In dealing with trauma, telling a story is a mechanism for exhausting the intensity of the experience. Later in his book, Hyde goes on to describe Sohaila Abdulali, a rape survivor who teaches young women about sexual assault. While, at first, she was troubled and distressed to share her own experience in the class, over time it faded. “Forgetting appears when the story has been so fully told as to wear itself out,” a threadbare blanket finally shed, or “to forget is to bury…There are two kinds of burials: in one, something is hidden because we can’t stand to look at it; in the other, it is buried because we are done with it.”
A couple hours later with pre-dinner cocktails: “What is Oliver doing now?” I wonder if she’s noticed that she hasn’t received a letter from him in a while and that’s at the root of her questions. He was working on a novel fictionalizing his Cuban refugee family’s story and my grandmother, a Spanish teacher and social worker who had traveled to Cuba many times, has an extensive community of Cuban friends. Oliver and my grandmother had written letters to each other regularly for years as he was working on the novel. I always had the suspicion that my family found him easier to be around than me.
“He’s at home with his parents,” I say tepidly. “I don’t know much because we’re not speaking.” I am being tested in a laughable way. My initial annoyance has peeled away to discomfort that is so unbearable I want to cackle to break the tension. I thought being in this house of failing memory would be an escape from thinking about him, but my grandmother seems to have wandered outside and trying to get back in, is ringing a doorbell over and over again. The repetition of her question with small variations ringing in my head has blunted me. I remain calm and even.
She’s still very lucid, she knows who I am, but the conversations are circular now. Why can’t she grasp this monumental change in my life? Will I be left reminding her for the rest of her life that he and I aren’t together, the way I have reminded my grandfather for the last two years that I live in California?
I thought reliving this fact of his departure over and over would destroy me, but instead I find that it’s helping remind me of the certainty I feel in not being a mother. I still want to be with him, desperately so, but my disinterest in parenting is unwavering. I’m still wincing at the loss of him, but her persistently failing memory is reminding me in the most excruciating way that I won’t change my mind, that I’m supposed to hold onto myself more than I’m supposed to hold onto him. Each time she asks and my reply is a prayer: the ache of absence a plea for deliverance. Each time I have to answer her question, I am broken again by the loss of him, but bolstered too by the promise of myself.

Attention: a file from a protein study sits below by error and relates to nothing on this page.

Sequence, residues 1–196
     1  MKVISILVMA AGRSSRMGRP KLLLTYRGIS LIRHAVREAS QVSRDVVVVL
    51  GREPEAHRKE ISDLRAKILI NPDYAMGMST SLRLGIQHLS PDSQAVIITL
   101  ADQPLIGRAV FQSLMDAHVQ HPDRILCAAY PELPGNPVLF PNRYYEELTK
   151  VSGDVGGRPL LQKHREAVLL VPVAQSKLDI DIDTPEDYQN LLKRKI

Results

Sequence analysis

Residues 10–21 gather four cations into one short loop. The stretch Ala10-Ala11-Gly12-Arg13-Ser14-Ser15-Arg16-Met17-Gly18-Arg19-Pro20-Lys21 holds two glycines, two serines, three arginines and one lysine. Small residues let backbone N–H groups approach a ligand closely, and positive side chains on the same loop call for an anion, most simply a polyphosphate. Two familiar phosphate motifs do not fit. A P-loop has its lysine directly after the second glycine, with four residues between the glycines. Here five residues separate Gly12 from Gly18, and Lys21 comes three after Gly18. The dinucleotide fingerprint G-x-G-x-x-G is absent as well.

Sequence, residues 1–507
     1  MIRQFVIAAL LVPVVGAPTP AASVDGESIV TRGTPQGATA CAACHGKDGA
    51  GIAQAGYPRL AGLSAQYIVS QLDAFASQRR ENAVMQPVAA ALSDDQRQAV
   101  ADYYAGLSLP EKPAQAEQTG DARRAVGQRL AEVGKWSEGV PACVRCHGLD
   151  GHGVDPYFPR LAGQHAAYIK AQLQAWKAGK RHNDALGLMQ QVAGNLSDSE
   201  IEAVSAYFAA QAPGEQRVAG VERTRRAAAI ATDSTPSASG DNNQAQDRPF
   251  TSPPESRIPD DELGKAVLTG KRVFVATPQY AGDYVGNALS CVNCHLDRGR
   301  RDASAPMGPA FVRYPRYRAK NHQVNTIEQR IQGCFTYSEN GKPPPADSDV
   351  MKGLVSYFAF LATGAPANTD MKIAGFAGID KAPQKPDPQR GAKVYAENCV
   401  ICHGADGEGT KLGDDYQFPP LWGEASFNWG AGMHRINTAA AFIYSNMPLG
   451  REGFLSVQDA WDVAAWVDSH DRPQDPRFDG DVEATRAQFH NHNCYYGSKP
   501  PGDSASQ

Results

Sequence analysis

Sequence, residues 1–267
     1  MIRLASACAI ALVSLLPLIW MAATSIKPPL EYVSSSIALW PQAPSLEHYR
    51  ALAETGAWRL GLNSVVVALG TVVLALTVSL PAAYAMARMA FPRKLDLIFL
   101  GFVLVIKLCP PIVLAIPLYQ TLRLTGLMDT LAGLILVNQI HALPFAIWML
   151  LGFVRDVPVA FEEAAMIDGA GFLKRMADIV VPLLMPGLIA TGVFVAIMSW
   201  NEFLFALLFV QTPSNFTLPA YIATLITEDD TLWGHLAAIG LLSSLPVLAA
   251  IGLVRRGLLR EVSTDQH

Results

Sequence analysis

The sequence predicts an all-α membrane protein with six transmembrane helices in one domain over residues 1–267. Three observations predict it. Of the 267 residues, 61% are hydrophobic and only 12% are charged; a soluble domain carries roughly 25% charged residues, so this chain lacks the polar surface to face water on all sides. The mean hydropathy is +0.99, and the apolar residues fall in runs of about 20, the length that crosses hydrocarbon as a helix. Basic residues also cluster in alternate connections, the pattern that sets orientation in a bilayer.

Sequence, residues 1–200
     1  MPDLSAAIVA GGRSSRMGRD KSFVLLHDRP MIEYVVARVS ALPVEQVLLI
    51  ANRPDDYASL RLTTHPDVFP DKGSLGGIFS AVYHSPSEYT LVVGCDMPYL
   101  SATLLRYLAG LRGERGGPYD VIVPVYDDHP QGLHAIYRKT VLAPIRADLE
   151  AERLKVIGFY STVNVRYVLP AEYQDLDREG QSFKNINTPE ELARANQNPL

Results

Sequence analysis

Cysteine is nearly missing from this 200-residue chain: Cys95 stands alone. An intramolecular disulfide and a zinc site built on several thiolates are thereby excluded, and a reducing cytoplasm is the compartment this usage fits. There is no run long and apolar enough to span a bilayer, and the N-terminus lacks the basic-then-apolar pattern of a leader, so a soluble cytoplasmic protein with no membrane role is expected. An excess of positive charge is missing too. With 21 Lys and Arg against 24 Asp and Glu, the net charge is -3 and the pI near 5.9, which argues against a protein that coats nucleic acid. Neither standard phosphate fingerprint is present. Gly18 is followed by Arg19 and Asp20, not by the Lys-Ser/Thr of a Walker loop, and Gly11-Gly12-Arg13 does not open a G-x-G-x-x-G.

For patients with dementia, recall is harder for the people, places, and things that have an emotional association with them. The more of an emotional anchor there is to something, the longer it will take to retrieve the name of it.
My grandparents wake early, with the sun at 4:30 or so, and when I come to breakfast the next morning they’ve been awake for hours. On the side table is a pale green copy of the Southwest Review. Oliver’s first short story publication. It’s the story of a Cuban family reunion in Texas centered on a teenager caring for his grandmother with Alzheimer’s. Oliver gave one of his two review copies to my grandmother years ago, before her dementia set in. It ends with the character’s grandmother hallucinating her homeland off the Gulf Coast.
The Maine harbor is marbled with the reflections of clouds, nothing like the muck of the Gulf. Having repetitive conversations with my grandparents is nothing like the devastation of a family member not recognizing me. I am in my thirties, not in high school like the main character of the story. Still, I can feel the symmetry. I lift the cover, find a note from him to her, tucked under the cover of the magazine. I don’t say anything. There are no questions about him this morning.
Later in the day, after taking them out to lunch, she gestures silently towards it, miming that me she wants to return it to me. She has created an altar of sorts on the side table with mail he sent her and other tokens he gave her over the years. She has something on the tip of her tongue. It strikes me that this phrase is actually quite literal—the way words and feelings are formed on top of our tongues, that the mouth is the place of losing things.
She stands there, trying to grasp at a sound sitting on her tongue, the effort strangling her. I can’t comprehend why she is trying to give this literary journal back to me, what resolution will come of this. Does she think I want anything that was his to hold onto, some archive of my loss? Why not just throw it out? Does she want me to bear witness to her rejection of him, as if getting rid of this old copy of a literary magazine will testify to her allegiance to me? All I know from this wordless encounter is that his departure has sunk in, or at least it has for now, for this one afternoon.
Perhaps tomorrow she will have forgotten again.
Ayden LeRoux is a queer artist and writer from New England. Her work has appeared in Guernica, Lit Hub, Catapult, Electric Literature, Los Angeles Review of Books, Cosmonauts Avenue, and Palimpsest, among others. She is the co-author of Odyssey Works (Princeton Architectural Press, 2016), a book about rethinking the relationship between artist and audience written with long-time collaborator Abraham Burickson. She holds degrees in creative writing and visual art from NYU and UCSD.